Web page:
Measuring User Experience with ScalaCheck, Selenium WebDriver, and Six Sigma

I recently stumbled upon an idea that I think can measure defects in user experience, and I want to put it down in writing so I have a starting point for further research.  

The germ of this idea took root in my mind after my last blog post.

In my last blog post, I applied traditional software engineering principles to developing javascript SPAs, and I used automated testing of user stories as an example.

I also happen to have a project where I use scalacheck to automate generative tests for machine learning algorithms and data pipelining architectures.

Further, I happen to have some experience with six sigma from my days working as a defense contractor.

By combining the different disciplines of (a) user story mapping, (b) generative testing, and (c) six sigma, I believe that we can measure the “defects of user experience” inherent in any “system under test”.

Let’s discuss each discipline in turn.

User Story Mapping

User story mapping is an approach to requirements gathering that uses concrete examples of “real world” scenarios to avoid ambiguity.

Each scenario clearly defines the context of the system and how the system should work in a given case, and ideally, describe something that we can easily test with an automated testing framework.

For example, here is a sample “create account” user story

One of the limitations of testing user stories is that they cannot give you a measure of the correctness of your application. This is because to “prove” program correctness with programatic tests we would need to check every single path through our program. 

However, to be fair, the goal of user stories is to gather requirements and provide an “objective” measurement system by which developers, product, and qa can agree to in advance. 

Nevertheless, we still need a means of providing some measure of “program correctness”.

Enter Generative Testing.

Generative Tests

Generative testing tests programs using randomly generated data. This enables you to provide a probabilistic measurements of program correctness. However, this assumes that you know how to setup an experimental design that you can use to measure the accuracy of your program.

For example, the scalacheck documentation provides the following snippet of code that tests the java string class.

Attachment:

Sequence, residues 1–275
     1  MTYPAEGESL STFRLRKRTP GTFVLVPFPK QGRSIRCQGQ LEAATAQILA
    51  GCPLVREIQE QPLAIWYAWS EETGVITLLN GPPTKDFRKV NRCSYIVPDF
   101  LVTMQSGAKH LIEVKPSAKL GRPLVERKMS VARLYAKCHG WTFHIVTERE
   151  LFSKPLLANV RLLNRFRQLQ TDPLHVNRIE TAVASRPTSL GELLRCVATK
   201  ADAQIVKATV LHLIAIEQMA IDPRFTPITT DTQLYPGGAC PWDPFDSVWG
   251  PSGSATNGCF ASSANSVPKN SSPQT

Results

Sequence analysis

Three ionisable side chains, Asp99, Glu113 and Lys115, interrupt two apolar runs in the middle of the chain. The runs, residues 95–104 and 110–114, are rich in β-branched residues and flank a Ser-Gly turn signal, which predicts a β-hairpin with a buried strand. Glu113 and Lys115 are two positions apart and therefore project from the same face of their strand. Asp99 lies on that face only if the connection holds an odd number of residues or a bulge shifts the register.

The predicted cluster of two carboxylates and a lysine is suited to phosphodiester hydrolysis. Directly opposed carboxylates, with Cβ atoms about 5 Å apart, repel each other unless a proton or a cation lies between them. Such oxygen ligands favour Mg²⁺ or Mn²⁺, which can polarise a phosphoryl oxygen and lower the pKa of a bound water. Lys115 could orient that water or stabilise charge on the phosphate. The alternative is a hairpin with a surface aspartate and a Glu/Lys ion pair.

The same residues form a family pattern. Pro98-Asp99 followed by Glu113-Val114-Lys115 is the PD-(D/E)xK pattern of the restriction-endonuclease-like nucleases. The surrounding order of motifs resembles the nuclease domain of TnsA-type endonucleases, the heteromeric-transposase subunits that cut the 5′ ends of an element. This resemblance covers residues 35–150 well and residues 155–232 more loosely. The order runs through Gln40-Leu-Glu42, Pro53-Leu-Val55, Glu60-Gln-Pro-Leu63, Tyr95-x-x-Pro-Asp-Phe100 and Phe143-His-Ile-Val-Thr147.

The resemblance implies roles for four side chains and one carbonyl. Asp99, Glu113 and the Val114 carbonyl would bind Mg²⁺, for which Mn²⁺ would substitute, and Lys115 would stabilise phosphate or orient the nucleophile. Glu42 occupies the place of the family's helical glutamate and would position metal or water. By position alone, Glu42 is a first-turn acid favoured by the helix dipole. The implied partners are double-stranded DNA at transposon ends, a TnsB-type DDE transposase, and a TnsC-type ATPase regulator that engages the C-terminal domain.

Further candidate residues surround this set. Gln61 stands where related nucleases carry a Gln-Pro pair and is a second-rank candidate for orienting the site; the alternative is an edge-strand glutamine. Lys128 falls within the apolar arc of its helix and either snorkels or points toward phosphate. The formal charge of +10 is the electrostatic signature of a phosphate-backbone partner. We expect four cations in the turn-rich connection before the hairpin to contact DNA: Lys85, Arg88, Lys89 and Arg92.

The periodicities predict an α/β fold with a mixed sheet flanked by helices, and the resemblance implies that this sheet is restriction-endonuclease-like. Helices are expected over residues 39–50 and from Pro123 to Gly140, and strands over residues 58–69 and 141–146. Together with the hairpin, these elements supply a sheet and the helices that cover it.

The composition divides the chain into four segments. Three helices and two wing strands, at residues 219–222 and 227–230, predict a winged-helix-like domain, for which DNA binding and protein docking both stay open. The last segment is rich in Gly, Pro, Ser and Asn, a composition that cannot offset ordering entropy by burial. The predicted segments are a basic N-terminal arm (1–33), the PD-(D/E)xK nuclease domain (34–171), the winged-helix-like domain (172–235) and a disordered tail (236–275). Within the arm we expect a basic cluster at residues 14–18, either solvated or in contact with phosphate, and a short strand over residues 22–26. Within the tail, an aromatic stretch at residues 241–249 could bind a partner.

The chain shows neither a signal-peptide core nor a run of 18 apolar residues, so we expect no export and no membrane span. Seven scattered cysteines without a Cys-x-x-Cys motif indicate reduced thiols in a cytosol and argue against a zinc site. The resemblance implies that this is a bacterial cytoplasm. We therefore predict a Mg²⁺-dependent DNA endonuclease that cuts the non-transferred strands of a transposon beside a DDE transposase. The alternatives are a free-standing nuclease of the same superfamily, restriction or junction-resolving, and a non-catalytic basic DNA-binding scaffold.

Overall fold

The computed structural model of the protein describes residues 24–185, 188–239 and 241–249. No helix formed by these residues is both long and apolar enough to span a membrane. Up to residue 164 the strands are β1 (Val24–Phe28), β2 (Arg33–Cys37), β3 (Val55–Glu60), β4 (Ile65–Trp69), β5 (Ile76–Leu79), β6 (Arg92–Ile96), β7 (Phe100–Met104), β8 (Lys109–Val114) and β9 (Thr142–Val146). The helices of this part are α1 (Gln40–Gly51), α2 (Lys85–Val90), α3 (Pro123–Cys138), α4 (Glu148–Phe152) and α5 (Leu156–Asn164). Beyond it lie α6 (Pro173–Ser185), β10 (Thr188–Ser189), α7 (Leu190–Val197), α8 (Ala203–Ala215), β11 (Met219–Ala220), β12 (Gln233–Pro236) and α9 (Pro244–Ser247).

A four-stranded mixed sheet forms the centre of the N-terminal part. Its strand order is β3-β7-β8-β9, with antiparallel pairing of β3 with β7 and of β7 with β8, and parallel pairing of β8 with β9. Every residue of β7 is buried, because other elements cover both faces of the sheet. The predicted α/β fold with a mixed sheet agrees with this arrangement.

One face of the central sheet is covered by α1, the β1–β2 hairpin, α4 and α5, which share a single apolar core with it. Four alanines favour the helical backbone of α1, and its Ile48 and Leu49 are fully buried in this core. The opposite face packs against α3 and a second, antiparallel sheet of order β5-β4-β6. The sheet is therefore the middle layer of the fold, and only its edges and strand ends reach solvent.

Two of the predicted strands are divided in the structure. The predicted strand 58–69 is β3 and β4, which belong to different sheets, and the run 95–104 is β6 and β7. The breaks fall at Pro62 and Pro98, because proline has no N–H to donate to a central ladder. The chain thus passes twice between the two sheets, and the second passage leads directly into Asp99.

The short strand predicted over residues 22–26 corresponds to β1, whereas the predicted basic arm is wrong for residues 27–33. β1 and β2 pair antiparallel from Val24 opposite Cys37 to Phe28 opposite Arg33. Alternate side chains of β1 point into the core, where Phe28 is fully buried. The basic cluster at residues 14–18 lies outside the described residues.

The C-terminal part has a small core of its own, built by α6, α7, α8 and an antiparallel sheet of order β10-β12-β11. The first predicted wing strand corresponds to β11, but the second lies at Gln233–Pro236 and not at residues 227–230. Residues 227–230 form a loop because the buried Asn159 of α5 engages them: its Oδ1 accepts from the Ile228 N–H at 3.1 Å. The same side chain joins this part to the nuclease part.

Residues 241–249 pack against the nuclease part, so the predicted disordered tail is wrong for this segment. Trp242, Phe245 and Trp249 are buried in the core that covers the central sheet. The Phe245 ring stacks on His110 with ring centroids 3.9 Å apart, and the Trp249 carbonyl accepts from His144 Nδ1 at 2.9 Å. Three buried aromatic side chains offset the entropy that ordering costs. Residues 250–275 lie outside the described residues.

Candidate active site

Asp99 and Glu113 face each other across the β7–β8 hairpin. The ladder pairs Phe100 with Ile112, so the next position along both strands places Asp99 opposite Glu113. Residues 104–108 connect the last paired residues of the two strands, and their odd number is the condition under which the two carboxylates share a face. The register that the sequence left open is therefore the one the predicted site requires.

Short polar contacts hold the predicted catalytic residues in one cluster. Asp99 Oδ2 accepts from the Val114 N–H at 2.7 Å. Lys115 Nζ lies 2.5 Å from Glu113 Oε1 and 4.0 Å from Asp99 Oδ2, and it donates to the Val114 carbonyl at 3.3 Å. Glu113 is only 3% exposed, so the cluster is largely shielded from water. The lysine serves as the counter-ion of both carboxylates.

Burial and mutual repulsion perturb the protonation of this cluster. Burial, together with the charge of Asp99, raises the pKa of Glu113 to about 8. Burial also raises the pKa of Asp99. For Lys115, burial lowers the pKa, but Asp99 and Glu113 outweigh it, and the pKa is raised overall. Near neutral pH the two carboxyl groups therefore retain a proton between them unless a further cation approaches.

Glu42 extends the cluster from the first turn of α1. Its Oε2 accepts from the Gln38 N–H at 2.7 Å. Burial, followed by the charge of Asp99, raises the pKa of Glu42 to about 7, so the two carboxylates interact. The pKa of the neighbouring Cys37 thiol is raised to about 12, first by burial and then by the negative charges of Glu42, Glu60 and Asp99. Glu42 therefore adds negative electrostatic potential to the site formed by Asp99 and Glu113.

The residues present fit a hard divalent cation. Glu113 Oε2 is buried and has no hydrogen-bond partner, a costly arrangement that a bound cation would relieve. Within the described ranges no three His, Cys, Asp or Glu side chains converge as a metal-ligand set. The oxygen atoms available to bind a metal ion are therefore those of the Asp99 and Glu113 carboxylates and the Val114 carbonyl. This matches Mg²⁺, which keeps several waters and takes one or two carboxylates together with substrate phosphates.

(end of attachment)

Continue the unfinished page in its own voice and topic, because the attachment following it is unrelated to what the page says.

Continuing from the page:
If you run scalacheck with StringSpecification as input then scalacheck would randomly generate strings and check whether the properties that you defined in StringSpecification are true.

Here is the result that scalacheck would provide if you ran it with StringSpecification as input.

We can see that scalacheck successfully ran 400 tests against StringSpecification.

Let’s do a little statistical analysis to figure out what this means about our the string class.

According to one view of statistics, every phenomenon has a “true” probability distribution which is really just an abstract mathematical formula, and we use data collection methods to estimate the parameters of the “true” distribution.

We will assume this is the case for this discussion.

Suppose that we do not know anything the String class. Under this assumption, the maximum entropy principle dictates that we assign a 1 to 1 odds to every test that scalacheck runs.

That basically means that we should treat every individual test like a coin flip. This is known as a Bernoulli trial.

Now, some really smart guy named Wassily Hoeffding figured out a formula that we could use to bound the accuracy and precision of an experiment based exclusively on the number of trials. We, unsurprisingly, call it Hoeffding’s inequality.

I will not bother explaining the math. I’m sure that I’d do a horrible job at it.

It would also be boring.

I will instead give a basic breakdown of how the number of trials relate to the accuracy and precision of your experiment.

number of trials margin of error confidence interval
80 10% 95%
115 10% 99%
320 5% 95%
460 5% 99%
2560 2.5% 95%
3680 2.5% 99%
8000 1% 95%
11500 1% 99%

The margin of error measures the accuracy of our experiment and the confidence interval measures the precision of our experiment.